Growth blamed for county's financial ills

November 21, 2003|by LAURA ERNDE

Washington County needs more money for roads, emergency services and utilities to handle its population growth, state lawmakers were told Thursday.

One by one, representatives from government and community groups told the Washington County Delegation to the Maryland General Assembly about their mounting needs, citing population growth as a major factor.

It seems that growth, which has been long-heralded but little seen in the county, is finally making its way west of South Mountain, said Del. Christopher B. Shank, R-Washington.


The delegation passed legislation earlier this year that allowed the County Commissioners to enact a real estate transfer tax and building excise fees to raise money to pay for growth issues, Shank said.

The commissioners can spend the estimated $2.4 million on school construction, public safety, transportation and debt reduction. The law requires the commissioners to set aside at least $400,000 for farmland preservation.

Washington County Public Works Director Gary Rohrer showed lawmakers pictures of crumbling roads, saying about one-quarter of the county's 832 miles of roads are in that condition.

The county fell behind in its road maintenance and now there's not enough money to catch up, he said. Most roads need to be rebuilt instead of simply repaved, which costs more but lasts longer, Rohrer said.

"The vast majority of our problems lay ahead of us and the day of reckoning has come," he said.

Making matters worse, state budget problems caused Gov. Robert Ehrlich to cut the amount of money counties get from gas tax revenues by 26 percent, said Rohrer, who urged lawmakers to prevent more cuts.

Increased traffic due to growth shortens the life of the roadways, he said.

Growth also has been stressing the volunteer emergency services in the county, said representatives of the Washington County Fire and Rescue Association, who asked lawmakers to give authority for a fire tax.

The commissioners, who ultimately would have to enact the tax, have rejected the request until a task force can come up with a detailed plan about how the tax would work.

Calls for service have been going up 6 percent a year with no corresponding increase in funding, said Jason Baer, association president.

Halfway Volunteer Fire Co. has to be ready to protect large new businesses without receiving any donations from them, Chief Jeff Ringer said.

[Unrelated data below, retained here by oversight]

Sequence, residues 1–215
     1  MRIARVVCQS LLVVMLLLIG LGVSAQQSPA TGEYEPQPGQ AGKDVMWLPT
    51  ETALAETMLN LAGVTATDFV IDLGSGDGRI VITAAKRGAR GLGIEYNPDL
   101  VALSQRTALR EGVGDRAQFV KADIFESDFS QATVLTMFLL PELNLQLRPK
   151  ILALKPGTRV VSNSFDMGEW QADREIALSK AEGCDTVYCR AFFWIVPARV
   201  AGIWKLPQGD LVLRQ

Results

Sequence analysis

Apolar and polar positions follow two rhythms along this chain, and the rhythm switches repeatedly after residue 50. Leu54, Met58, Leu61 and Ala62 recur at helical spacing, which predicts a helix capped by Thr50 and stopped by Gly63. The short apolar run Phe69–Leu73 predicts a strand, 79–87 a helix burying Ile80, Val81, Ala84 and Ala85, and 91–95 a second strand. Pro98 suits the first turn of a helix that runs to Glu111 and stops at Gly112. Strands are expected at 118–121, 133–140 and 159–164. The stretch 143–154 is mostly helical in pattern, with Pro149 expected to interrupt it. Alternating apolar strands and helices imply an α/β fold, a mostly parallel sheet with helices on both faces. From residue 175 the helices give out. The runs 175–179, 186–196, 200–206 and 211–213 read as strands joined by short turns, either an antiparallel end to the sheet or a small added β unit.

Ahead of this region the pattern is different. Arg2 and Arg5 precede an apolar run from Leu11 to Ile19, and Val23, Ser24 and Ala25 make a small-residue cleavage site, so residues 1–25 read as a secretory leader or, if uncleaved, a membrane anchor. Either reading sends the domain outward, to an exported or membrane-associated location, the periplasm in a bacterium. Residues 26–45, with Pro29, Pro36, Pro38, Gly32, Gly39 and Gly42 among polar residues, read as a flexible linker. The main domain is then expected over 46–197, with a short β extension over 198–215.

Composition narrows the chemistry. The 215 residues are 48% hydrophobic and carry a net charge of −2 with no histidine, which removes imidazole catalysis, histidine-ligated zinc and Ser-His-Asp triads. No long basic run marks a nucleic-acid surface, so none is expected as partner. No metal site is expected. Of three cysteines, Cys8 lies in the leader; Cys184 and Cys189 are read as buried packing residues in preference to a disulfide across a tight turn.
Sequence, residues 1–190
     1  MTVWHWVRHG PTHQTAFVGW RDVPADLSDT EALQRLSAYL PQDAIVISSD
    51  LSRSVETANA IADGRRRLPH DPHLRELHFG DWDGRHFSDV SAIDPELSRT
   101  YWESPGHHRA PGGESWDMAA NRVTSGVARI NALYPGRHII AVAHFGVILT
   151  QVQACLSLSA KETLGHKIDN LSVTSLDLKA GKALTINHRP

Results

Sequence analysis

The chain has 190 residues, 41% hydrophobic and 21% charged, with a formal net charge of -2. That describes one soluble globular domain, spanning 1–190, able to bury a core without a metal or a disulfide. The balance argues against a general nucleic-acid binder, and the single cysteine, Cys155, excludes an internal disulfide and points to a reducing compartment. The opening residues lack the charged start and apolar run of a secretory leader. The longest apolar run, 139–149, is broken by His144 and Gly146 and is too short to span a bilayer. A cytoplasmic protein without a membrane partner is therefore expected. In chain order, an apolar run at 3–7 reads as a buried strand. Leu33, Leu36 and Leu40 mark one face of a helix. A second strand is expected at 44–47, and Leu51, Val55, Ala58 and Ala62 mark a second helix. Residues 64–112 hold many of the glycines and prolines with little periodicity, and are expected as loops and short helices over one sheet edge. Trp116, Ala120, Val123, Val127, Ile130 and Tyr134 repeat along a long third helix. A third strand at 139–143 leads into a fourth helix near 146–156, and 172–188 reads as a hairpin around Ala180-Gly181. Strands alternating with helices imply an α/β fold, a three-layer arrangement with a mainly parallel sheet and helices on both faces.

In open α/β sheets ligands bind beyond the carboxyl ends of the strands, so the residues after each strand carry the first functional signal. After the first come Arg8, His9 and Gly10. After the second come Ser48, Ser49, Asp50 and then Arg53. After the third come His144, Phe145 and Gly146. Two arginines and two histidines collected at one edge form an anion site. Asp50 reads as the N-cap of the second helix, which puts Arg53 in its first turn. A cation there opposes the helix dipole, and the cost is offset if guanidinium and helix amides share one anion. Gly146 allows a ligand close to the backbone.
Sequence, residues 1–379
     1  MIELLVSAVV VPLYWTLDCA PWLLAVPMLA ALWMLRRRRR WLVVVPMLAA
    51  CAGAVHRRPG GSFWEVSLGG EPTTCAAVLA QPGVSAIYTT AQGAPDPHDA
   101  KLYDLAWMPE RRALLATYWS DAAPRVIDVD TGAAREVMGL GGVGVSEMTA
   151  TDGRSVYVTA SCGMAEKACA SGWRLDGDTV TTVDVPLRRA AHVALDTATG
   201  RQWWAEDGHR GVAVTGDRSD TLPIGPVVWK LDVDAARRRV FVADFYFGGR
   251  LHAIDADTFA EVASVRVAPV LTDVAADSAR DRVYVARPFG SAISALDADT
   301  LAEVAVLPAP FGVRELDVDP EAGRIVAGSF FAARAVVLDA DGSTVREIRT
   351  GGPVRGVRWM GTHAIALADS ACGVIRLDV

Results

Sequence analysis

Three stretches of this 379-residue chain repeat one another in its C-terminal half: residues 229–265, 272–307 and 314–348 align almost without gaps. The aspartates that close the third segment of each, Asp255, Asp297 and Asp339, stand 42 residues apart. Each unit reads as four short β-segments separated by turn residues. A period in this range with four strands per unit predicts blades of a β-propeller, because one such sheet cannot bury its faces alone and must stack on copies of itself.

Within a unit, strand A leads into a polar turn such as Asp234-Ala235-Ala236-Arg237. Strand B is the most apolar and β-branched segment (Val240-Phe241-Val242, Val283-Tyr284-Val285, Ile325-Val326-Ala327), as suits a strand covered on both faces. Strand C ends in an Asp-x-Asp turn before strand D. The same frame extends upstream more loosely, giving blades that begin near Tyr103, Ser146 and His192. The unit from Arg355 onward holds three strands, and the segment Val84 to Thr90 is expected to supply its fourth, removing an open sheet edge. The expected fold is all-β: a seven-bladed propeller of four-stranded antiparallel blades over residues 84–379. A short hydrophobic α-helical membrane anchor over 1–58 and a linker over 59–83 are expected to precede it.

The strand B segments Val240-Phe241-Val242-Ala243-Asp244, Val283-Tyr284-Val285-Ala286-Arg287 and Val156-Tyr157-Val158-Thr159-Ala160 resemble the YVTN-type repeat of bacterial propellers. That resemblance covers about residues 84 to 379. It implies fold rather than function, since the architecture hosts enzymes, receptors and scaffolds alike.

With growth comes the need to provide water and sewer services.

But the county has too much debt and not enough money to expand its system, said Clarence Scheer, who chairs the Washington County Department of Water Quality's advisory board.

About 40 percent of the county's wells are contaminated, the Washington County Health Department said last month.

The board would like to hook up more homes to public utilities, but the cost - between $15,000 and $30,000 per household - is prohibitive, Scheer said.

The county's water and sewer system went $57 million in debt building the current system.

Since the county government took over the operation in 1995, the debt has been reduced to $47 million, he said.

The county government, which has been subsidizing the system with about $3 million a year in general fund tax money, will be able to phase out the payments by 2008-2009, he said.

Growth also is fueling the need for more school construction money, lawmakers were told earlier this month at a meeting with the Washington County Board of Education.

At that meeting, state lawmakers rejected the school board's proposal to borrow $25 million for school construction.

Lawmakers did not debate any of the requests at Thursday's meeting.

In general, lawmakers have chosen not to pursue legislative requests that have been rejected by the commissioners.

The issues will be debated after the legislature convenes its three-month session Jan. 14.

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